SARASOTA COUNTY MAN SUES PRIEST, ALLEGING SEXUAL ABUSE. The 33-year-old man said sexual abuse took place when he was a teenager about 20 years ago.
July 8, 2020
A 33-year-old man has filed a lawsuit against a retired Catholic priest who lives in Ormond Beach, accusing the priest of sexually molesting him two decades ago when the man was a teenager being held in a juvenile detention facility.
Louis Reed, the accuser who has filed the lawsuit, agreed to have his name published for this story.
Reed’s suit is filed in Polk County Circuit Court against the Rev. Fred Ruse. An attorney for the former priest said his client did not want to discuss the lawsuit and denied the allegations in a phone interview, citing Reed’s criminal history to question his credibility.
“I already had mental health issues and someone gained my trust as a vulnerable teenager and took advantage of me,” Reed said in a phone interview.
Reed, who lives in Nokomis in Sarasota County, said he did not know to report the incident when it happened. He was age “14 or 15” when the abuse occurred, the suit states.
“You know that now, but it’s different when you are a kid,” Reed said. “You don’t have nobody, and the only person that is showing support is the person that is the perpetrator.”
Ruse, 70, is a Daytona Beach native who retired after about 40 years in the priesthood. He served several parishes, including as pastor at St. Paul Catholic Church in Daytona Beach from 1984 to 1994. The church is now the Basilica of St. Paul.
In 2013, Ruse was featured in a News-Journal story about students from the Dominican Republic attending his alma mater Father Lopez Catholic High School in Daytona Beach.
More recenlty, Ruse has written to the News-Journal to argue for the end of Florida’s death penalty.
But in 2001 and 2002, Ruse was a pastor at St. Matthew Catholic Church in Winter Haven and would visit as part of a church ministry the Demilly Correctional Institution in Polk City.
Ruse met with Reed for communion but then began giving gifts to Reed, such as Harry Potter books, according to the lawsuit. Ruse would meet privately with Reed in a classroom and then in the chaplain’s office, the lawsuit stated.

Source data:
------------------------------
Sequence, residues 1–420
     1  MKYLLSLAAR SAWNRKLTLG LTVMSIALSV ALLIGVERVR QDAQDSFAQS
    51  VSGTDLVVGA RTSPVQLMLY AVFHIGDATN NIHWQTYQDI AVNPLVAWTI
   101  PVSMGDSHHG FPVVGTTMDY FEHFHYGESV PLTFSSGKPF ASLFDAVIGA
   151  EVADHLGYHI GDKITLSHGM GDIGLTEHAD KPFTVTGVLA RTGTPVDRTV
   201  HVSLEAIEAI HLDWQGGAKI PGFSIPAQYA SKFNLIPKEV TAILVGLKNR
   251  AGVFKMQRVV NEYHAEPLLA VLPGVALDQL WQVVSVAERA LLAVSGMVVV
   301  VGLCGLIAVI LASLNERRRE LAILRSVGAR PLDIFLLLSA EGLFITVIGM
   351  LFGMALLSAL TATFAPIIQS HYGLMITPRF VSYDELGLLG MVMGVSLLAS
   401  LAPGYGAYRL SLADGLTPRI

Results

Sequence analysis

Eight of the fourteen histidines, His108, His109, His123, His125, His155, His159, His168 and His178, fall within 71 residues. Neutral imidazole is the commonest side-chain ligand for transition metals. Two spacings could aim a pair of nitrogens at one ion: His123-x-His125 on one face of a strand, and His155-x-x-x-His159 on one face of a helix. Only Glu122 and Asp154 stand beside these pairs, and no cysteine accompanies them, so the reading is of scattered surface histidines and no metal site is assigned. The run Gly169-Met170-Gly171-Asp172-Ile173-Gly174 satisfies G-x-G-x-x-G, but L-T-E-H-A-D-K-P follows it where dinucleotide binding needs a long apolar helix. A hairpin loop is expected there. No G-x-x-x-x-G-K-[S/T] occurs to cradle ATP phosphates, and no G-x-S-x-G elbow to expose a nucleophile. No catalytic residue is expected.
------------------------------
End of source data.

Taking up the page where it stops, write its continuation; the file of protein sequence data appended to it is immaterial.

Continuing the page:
Ruse allegedly fondled Reed and masturbated in front of the teenager, according to the lawsuit. Ruse is also accused in the lawsuit of having oral sex with the teenager, according to the lawsuit.
Ruse was not the chaplain of the facility, but as a member of the clergy he was allowed private meetings with Reed, the lawsuit states.
The lawsuit is another case of a priest being accused of sexual abuse. The Catholic Church has seen numerous such cases across the nation.
Attorney Ken Weaver, who represents Ruse, said in a phone interview that no one was allowed to meet privately with minors or anyone else at the facility. Weaver said the priest has no recollection of Reed and that the allegations are baseless.
“We don’t know if this guy’s been sexually molested or not but certainly not by Father Ruse,” Weaver said.
Weaver said that Ruse would visit the correctional facility as part of a ministry.
Weaver pointed to Reed’s criminal record as a sign he lacks credibility.
Reed was sentenced on March 20, 2003, in Leon County to two years related for making a false report of a bomb, according to the Florida Department of Corrections. But records indicate he served only several months before he was released. He said he served that time in a facility for youthful offenders.
“If you do the math, I was a kid,” he said.
About a decade later, Reed was sentenced on Feb. 21, 2012, in Sarasota County to 10 years in prison in a fraud case involving five counts of fraudulent use of personal identification and one count of swindling.
Reed also was charged in other cases dealing with identity theft, insurance fraud or credit card fraud, but charges were dropped or in some cases he was acquitted at trial.
“Mr. Reed is nothing but a fraudster and still is,” Weaver said.